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Stock Investors: Why Are You So Bullish??? It’s easy to ignore bad news when the S&P 500 (SPY) is making new highs and our net worth is on the rise. Unfortunately it is often at these heights...

By Steve Reitmeister

entrepreneur daily

This story originally appeared on StockNews

It’s easy to ignore bad news when the S&P 500 (SPY) is making new highs and our net worth is on the rise. Unfortunately it is often at these heights that the first signs of trouble appear...but are hard to see at first. That is why you need to read the latest insights from veteran investor, Steve Reitmeister, as he points to a disconnect between the fundamentals and current stock price action. Read on below for more.

The better than expected PCE inflation report on Thursday led to another rally pushing the S&P 500 (SPY)  back towards the highs at 5,100. This represents a hearty 5% return in February. Even better, market breadth improved with smaller stocks coming along for the ride in the final days of the month.

I hate to be the bearer of bad news...but unfortunately the fundamentals are not totally supporting this rampant bullishness. Especially because I don’t believe things get that much better even after the Fed does finally start lowering rates.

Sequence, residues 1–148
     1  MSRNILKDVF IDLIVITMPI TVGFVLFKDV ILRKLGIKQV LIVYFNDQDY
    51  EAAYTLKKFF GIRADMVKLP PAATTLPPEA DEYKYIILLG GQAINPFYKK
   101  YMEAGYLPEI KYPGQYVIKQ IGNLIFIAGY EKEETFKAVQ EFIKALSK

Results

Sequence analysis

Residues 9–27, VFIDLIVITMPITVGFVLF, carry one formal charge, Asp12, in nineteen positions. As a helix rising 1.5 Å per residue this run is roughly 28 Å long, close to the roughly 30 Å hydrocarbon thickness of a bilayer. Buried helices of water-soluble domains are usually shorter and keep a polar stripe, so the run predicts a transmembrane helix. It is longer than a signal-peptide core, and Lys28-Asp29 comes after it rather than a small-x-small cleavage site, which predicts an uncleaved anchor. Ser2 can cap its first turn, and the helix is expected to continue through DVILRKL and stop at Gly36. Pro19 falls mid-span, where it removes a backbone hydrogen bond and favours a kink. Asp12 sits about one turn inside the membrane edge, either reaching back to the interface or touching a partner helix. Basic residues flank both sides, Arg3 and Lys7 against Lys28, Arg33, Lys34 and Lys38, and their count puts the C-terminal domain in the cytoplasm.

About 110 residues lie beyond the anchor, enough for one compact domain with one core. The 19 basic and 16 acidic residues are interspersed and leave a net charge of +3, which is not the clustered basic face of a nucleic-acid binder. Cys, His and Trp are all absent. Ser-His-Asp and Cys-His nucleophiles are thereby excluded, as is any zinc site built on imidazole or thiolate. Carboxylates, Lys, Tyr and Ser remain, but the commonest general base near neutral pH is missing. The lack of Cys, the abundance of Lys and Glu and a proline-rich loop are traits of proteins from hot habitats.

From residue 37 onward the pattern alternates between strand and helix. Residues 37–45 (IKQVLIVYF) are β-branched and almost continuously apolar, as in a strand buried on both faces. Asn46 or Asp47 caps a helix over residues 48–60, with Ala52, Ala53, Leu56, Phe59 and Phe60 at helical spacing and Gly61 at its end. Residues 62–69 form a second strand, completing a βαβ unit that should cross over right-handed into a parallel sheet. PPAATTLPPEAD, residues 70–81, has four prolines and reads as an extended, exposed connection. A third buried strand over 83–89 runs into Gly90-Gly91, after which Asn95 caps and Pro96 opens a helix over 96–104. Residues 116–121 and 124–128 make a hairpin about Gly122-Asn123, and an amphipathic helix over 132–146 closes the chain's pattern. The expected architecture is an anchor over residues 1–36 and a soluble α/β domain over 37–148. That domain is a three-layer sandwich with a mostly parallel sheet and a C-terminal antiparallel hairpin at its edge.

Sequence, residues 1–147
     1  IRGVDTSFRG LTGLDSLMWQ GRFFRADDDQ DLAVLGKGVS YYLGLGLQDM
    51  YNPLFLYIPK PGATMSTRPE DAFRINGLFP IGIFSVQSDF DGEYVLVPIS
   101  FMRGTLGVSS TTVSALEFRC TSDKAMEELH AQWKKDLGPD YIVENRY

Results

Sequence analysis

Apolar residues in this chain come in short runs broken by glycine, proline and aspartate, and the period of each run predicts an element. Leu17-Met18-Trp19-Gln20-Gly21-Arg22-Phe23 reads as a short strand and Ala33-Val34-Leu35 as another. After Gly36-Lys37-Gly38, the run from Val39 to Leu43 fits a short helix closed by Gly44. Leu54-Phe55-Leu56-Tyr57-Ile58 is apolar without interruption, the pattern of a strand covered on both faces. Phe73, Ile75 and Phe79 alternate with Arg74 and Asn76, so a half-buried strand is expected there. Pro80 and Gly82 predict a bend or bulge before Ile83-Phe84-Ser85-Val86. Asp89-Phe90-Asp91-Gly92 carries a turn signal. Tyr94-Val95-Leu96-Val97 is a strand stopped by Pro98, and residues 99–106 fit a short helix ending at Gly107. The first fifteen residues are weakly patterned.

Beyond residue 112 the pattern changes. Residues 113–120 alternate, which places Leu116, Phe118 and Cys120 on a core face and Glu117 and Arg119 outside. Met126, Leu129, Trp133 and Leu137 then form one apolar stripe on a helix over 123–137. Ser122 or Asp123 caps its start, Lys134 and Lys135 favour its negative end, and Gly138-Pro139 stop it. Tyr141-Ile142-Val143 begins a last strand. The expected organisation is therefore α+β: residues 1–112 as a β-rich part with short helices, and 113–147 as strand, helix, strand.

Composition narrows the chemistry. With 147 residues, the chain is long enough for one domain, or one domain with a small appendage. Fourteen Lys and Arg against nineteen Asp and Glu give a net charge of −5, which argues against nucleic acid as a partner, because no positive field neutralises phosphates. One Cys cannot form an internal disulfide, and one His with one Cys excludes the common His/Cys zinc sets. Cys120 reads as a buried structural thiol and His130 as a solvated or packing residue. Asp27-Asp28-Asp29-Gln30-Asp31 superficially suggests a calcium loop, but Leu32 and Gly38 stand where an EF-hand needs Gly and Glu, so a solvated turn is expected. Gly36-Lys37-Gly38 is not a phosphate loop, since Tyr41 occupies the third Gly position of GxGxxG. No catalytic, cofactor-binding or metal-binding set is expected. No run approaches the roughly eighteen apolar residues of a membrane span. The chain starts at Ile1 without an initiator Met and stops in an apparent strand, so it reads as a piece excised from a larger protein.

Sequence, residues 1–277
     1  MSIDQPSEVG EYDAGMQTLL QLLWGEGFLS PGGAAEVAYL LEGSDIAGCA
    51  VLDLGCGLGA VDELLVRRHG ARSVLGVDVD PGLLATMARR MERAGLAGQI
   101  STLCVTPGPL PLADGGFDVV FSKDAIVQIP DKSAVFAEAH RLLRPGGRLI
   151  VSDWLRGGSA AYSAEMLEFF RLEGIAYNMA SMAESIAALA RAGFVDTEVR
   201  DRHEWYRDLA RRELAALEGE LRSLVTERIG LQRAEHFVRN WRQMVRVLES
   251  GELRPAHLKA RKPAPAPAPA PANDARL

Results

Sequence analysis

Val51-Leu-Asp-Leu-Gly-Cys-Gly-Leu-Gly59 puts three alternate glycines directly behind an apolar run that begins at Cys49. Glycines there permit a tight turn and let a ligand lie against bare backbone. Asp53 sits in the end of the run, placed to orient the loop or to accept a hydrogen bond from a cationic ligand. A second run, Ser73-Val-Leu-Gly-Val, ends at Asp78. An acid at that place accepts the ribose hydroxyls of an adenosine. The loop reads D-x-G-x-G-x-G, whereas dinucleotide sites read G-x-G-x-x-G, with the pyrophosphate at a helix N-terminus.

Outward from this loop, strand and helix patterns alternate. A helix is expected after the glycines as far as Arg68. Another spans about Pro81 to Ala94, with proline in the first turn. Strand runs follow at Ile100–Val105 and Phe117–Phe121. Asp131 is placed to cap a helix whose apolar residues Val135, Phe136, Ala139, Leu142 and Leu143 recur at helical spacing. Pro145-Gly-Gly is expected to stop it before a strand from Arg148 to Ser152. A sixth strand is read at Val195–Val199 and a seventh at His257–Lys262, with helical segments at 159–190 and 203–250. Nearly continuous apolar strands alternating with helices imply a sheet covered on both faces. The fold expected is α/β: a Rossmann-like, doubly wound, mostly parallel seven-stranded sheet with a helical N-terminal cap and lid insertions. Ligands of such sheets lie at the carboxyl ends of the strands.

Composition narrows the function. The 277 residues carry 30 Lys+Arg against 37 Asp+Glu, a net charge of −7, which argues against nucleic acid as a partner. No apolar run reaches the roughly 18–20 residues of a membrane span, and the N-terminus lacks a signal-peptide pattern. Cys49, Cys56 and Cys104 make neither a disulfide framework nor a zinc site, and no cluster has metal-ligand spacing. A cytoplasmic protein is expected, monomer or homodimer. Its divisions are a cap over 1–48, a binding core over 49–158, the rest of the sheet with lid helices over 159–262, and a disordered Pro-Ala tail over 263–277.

Why is that?

And what does that mean for stocks in the weeks ahead?

Get the answers below with my updated outlook and trading plan.

Market Commentary

In my commentary earlier this week I shared the following insight:

We need to start the conversation with this provocative chart from FactSet comparing the movement of the forward S&P 500 EPS estimates versus the stock index:

You will discover that for most of the past 10 years the dark line for earnings is above the price action. Meaning the improvement in the earnings outlook propelled stocks higher. Yet each time we find the stock index climbing above the EPS outlook it comes back down to size like it did in 2022.

If the lessons of history hold true, then it points to 2 possible outcomes.

First, would be a correction for stock prices to be more in line with the true state of the earnings outlook. Something in the range of 10% should do the trick with some of the more inflated stocks enduring a stiffer 20%+ penalty.

On the other hand, stocks could level out for a while patiently waiting for rates to be lowered. This act is a well known catalyst for greater economic growth that should finally push earnings higher getting things back in equilibrium with the index price. 

Yes, there is a 3rd case where stocks just keep rallying because investors are not wholly rationale. Unfortunately, those periods of irrational exuberance led to much more painful corrections further down the road. So, let’s hope that will not be the case here.

(End of previous commentary)

However, here is what I left out of that conversation that needs to be added now. Even when the Fed finally starts lowering rates, it may not be as great of a catalyst for earnings growth and share price appreciation as investors currently believe.

Just consider what is happening now. GDP is humming along around normal levels and yet earnings growth is sub-par to non-existent year over year....why is that?